Western North Carolina stargazers will be able to witness a rare astronomical phenomenon in May when four of the five planets visible to the naked eye can be observed close together in the early morning sky.
That’s the word from Paul Heckert, professor of astronomy and physics at Western Carolina University.
“Mars, Jupiter, Venus and Mercury will be very close together just above the southeastern horizon in the predawn sky during May,” Heckert said. “For sky-watchers in Western North Carolina, the planets will be low in the sky, and anyone wanting to observe them will need a very good southeastern horizon, such as on a mountaintop or high on a southeastern slope. Also, because they will be low, the fainter planets could be lost in the glare of the morning twilight without binoculars or other optical aid.”
Heckert advises those in WNC that the window for viewing the planets will be fairly short and will depend on the exact date and planet. “Observers should look low in the southeast from just before twilight starts until it gets too bright to see the planets,” he said.
Jupiter and Venus will be the two brightest objects visible, he said. Venus will be slightly brighter and higher in the sky in early May. In the second half of May, Jupiter will be easy to spot and higher than Venus in the sky.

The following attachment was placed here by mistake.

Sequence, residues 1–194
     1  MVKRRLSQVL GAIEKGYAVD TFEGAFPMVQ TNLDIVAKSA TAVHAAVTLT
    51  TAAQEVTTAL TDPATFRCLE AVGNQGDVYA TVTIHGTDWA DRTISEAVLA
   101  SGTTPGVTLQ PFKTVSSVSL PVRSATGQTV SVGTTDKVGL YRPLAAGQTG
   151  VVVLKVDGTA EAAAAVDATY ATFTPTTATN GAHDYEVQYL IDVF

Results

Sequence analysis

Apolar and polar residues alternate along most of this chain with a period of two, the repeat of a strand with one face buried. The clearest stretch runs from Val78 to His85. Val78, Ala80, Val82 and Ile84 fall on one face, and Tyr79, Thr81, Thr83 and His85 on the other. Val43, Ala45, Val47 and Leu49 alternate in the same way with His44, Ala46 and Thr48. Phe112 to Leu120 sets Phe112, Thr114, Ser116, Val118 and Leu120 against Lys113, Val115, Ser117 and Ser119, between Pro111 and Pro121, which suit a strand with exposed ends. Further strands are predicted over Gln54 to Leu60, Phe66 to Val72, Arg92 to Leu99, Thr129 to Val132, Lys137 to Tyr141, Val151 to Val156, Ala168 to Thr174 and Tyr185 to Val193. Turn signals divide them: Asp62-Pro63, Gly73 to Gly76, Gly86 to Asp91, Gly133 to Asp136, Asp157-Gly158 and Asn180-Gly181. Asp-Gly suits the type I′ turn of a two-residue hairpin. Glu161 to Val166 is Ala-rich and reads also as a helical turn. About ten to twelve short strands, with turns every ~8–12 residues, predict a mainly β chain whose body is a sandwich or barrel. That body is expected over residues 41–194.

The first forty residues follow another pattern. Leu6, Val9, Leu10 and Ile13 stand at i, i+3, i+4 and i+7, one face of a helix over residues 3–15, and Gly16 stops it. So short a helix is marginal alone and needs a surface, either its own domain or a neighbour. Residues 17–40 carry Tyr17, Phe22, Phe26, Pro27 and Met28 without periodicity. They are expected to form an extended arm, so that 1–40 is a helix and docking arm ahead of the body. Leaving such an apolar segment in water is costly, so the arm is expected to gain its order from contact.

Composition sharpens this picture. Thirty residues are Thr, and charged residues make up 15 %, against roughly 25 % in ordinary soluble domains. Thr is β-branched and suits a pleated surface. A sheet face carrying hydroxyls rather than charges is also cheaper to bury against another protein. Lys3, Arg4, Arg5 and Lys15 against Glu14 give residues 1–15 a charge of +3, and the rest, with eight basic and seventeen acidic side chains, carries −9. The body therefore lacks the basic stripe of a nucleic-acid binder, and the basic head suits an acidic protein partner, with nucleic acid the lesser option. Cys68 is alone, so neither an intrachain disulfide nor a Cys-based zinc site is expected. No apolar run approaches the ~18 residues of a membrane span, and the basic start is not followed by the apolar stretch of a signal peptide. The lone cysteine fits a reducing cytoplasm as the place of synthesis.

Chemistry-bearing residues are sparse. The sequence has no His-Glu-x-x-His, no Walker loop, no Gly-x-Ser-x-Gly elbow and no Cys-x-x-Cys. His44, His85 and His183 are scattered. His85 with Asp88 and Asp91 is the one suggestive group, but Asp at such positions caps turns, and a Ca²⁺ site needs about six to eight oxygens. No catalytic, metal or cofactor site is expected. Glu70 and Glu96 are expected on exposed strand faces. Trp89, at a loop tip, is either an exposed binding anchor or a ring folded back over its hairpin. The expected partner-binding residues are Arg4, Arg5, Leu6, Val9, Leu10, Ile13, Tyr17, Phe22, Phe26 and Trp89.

“The other two planets, Mercury and Mars, might be visible to the naked eye, but will be challenging,” Heckert said. “Look with binoculars in the direction of Jupiter and Venus to try to observe Mercury and Mars. Mars will be too low and close to the sun to observe without binoculars until the last week of May.”
Between May 7 and 15, Mercury, Jupiter, and Venus will be close together, and Mercury and Venus will be particularly close until nearly the end of the month, he said.
Beginning May 15, another group of three planets – Venus, Mercury and Mars – forms as Jupiter becomes more distant, Heckert said. Venus, Mercury and Mars have their closest approach on the morning of May 21, a close grouping that will last until the morning of May 25. For the rest of May, the four planets will move further apart.
“Providing one last treat for stargazers, the thin waning crescent moon will pass close to these planets from May 29 to May 31,” Heckert said. “The fifth naked-eye planet, Saturn, will be visible all night in May, but will be setting in the west in the twilight hours, not in the east where the other planets can be seen.”